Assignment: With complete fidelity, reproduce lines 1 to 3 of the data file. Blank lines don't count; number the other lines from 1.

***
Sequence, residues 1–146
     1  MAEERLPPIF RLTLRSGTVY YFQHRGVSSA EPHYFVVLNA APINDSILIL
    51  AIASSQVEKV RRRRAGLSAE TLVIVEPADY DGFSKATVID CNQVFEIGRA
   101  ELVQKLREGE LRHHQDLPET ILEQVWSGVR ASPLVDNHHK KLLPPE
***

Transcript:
Sequence, residues 1–146
     1  MAEERLPPIF RLTLRSGTVY YFQHRGVSSA EPHYFVVLNA APINDSILIL
    51  AIASSQVEKV RRRRAGLSAE TLVIVEPADY DGFSKATVID CNQVFEIGRA